Prostate cancer is the most common cancer among Australian men. Despite the surrounding controversies, prostate specific antigen screening has resulted in diagnosis being made at a stage in which the cancer is still confined to the prostate in the majority of cases. However, there is still a small subset of men who are not diagnosed until after the cancer has metastasised. Historically, these cases have been managed with androgen deprivation therapy with no role for surgery. However, with data supporting cytoreductive surgery in other cancers such as kidney, breast and ovarian, there is increasing interest in the role of surgery as part of a multimodal approach to men with metastatic prostate cancer. Early data suggest that surgery in this situation is feasible and safe, with encouraging data suggesting an oncological benefit. Randomised trials are underway to establish who might benefit and which strategy should be incorporated. In the meantime, radical prostatectomy in the context of metastatic disease should be considered experimental.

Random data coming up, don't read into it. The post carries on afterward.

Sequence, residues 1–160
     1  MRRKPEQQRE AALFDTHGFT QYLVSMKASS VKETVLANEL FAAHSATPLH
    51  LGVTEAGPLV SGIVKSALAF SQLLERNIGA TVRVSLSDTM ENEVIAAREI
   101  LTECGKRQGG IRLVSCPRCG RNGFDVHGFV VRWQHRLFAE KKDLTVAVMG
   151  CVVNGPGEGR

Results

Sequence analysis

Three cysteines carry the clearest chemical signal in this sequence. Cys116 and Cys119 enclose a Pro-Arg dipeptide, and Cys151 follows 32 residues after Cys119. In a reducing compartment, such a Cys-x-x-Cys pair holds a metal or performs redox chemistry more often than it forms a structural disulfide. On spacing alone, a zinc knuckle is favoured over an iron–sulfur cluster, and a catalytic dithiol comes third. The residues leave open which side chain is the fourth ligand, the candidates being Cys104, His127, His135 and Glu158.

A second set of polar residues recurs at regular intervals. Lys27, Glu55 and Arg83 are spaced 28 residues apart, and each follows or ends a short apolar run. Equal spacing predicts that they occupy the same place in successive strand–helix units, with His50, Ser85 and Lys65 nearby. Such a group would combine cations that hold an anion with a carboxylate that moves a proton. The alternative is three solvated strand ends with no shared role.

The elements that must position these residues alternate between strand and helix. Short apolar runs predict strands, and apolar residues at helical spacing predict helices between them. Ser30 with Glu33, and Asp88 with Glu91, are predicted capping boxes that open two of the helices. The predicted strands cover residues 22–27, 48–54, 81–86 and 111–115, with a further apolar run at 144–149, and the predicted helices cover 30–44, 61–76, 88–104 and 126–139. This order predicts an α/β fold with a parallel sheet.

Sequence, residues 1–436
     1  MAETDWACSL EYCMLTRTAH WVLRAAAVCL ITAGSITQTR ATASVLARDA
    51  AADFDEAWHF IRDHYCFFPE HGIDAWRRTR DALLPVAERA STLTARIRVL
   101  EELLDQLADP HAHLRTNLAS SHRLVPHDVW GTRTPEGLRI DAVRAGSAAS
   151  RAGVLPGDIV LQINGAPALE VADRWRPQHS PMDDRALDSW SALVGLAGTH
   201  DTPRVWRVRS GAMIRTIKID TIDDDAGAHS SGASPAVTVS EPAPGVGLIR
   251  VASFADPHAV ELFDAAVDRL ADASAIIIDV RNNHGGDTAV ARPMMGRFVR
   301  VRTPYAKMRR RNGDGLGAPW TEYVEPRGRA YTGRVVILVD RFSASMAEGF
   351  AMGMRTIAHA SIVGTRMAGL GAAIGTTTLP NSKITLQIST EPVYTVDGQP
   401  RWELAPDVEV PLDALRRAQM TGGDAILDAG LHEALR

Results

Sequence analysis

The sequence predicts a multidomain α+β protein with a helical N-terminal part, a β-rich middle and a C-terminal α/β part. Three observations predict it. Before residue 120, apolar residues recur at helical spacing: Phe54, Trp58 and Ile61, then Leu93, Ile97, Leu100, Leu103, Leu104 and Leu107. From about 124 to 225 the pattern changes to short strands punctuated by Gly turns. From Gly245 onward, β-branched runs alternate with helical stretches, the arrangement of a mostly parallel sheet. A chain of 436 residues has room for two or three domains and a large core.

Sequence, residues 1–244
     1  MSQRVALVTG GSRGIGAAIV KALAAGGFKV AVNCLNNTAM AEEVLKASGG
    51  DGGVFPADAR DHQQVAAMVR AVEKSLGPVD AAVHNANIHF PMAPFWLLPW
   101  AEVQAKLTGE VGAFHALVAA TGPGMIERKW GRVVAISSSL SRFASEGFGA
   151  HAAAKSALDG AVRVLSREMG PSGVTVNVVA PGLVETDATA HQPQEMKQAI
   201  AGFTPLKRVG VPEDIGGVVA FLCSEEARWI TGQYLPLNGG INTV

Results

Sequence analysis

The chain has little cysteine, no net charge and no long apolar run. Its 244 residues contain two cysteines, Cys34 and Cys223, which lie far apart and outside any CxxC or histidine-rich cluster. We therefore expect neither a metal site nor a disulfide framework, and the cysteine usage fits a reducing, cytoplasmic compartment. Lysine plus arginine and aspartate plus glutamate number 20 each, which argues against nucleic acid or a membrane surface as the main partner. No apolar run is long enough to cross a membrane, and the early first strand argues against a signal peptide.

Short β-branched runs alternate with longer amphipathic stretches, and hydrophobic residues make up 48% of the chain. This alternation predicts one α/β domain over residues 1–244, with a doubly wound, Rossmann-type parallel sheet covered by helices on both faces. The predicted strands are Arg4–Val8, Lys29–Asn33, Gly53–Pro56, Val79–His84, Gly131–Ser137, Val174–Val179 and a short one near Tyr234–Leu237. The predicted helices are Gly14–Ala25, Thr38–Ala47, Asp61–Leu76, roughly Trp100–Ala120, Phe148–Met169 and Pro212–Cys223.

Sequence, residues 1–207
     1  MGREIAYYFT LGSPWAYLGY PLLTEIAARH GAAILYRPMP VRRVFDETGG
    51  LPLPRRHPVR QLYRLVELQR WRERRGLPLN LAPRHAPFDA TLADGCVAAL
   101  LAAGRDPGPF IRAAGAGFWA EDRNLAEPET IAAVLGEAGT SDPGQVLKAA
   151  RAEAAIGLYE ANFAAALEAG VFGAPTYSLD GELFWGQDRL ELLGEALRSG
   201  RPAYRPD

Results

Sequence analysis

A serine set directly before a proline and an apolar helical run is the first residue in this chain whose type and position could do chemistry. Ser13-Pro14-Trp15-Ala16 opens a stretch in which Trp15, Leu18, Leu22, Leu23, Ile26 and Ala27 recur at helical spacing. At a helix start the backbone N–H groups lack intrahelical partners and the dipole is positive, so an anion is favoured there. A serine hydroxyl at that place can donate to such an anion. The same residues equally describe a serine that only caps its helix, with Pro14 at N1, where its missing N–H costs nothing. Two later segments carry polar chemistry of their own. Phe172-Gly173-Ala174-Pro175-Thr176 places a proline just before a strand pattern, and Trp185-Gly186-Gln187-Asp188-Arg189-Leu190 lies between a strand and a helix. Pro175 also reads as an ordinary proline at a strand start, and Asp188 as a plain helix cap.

|Original language||English (US)|
|Number of pages||5|
|State||Published - Nov 2015|